Session 43 (Mountain social-ecological system dynamics and resilience to global change) brought up the importance of connectivity in system functionality. Connectivity is vital to ensure diversity in mountains to sustain healthy populations (livestock, wildlife and humans). Fencing some of the grazing areas of Tibetan pastoral communities restricts the movement of herds across their traditional pastures and has negative effects in terms of adaptation to climate change and may cause local conflicts. For large predators in European mountains, e.g. bears in the Carpathians, connectivity with surrounding habitats allows dispersal to new territories and helps maintain viable populations in increasingly human-dominated landscapes, where human-wildlife conflicts are constantly present.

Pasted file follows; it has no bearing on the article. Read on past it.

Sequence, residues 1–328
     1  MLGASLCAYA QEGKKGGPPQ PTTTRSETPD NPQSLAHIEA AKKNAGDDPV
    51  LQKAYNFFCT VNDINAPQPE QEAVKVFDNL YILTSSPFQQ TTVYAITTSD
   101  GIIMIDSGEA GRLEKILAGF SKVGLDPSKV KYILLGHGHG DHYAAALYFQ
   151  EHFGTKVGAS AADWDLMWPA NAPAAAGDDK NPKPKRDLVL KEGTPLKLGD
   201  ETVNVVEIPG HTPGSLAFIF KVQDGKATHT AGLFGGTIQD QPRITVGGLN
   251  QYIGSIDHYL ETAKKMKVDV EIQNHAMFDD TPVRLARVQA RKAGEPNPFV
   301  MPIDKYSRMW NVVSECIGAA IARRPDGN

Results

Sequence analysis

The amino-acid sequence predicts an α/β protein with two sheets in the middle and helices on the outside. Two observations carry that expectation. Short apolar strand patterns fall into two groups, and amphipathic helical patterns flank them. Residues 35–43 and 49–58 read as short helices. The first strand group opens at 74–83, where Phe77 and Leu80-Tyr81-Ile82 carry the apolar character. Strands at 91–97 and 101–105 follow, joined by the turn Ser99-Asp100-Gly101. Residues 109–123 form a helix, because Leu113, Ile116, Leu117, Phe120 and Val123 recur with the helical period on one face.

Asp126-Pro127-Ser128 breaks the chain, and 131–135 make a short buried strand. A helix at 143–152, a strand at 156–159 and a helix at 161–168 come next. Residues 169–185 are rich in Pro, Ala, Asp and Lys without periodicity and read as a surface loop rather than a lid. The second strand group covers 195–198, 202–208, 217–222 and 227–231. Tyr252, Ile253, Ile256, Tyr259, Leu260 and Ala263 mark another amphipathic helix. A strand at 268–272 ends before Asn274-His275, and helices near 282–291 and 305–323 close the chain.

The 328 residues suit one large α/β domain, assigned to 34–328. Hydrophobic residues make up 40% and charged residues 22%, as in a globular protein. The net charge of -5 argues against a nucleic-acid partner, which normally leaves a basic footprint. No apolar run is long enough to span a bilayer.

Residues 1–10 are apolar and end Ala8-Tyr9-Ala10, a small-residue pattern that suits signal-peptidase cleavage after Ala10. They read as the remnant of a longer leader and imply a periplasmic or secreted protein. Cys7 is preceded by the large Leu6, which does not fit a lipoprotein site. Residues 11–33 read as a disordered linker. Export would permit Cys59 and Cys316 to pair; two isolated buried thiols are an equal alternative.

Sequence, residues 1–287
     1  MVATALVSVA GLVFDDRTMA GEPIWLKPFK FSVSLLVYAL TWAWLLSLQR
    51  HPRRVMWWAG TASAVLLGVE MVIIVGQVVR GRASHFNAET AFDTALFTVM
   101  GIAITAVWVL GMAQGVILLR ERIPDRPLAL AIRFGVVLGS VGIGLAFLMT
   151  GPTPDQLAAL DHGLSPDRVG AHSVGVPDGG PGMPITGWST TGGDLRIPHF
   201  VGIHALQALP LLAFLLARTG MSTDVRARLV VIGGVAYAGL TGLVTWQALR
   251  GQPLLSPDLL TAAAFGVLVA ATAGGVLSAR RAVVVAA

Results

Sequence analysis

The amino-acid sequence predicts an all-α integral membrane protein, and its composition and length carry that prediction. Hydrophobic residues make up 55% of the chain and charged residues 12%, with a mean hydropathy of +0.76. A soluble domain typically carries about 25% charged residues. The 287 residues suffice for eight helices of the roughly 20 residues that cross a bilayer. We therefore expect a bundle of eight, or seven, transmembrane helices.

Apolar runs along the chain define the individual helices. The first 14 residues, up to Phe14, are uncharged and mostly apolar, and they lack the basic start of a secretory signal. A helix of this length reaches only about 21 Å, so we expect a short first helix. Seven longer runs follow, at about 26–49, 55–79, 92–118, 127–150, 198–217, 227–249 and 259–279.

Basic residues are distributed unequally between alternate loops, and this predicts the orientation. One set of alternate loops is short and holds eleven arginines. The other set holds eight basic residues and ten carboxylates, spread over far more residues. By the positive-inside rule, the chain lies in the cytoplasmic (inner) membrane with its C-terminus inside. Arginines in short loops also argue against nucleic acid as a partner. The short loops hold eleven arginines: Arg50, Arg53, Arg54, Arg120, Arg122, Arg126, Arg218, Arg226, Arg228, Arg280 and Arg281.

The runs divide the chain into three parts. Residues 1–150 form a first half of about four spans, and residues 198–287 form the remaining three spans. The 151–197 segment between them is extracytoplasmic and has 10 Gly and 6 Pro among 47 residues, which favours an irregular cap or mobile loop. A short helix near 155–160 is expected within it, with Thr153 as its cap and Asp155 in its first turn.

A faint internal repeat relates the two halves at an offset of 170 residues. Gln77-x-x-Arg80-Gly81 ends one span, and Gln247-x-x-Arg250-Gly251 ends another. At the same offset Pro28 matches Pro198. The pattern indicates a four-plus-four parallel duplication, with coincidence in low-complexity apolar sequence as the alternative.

Facilitation of multi-stakeholder involvement in design, planning and implementation of initiatives that aim at addressing connectivity in mountainous areas is extremely important. Transboundary conservation areas are addressing ecosystems connectivity though international collaboration and also pave way for regional development initiatives. The use of geospatial technologies in mapping ecological corridors and stepping stones for improved understanding of the connectivity in fragmented agro-ecosystems is a good step forward. Increased use of tools (e.g. Web-GIS) enables the availability and accessibility of key spatial information for stakeholders and policymakers to plan land use and make informed decisions. Transportation needs of mountain people have radically changed over time. Formerly mainly pedestrian transport systems have turned into private-vehicle supported systems requiring well-maintained infrastructure which takes into account modern people’s needs and time-distance dimensions in rough topography throughout various seasons. Sustainable development in the mountains have to recognize the multifunctional characteristics of these ecosystems.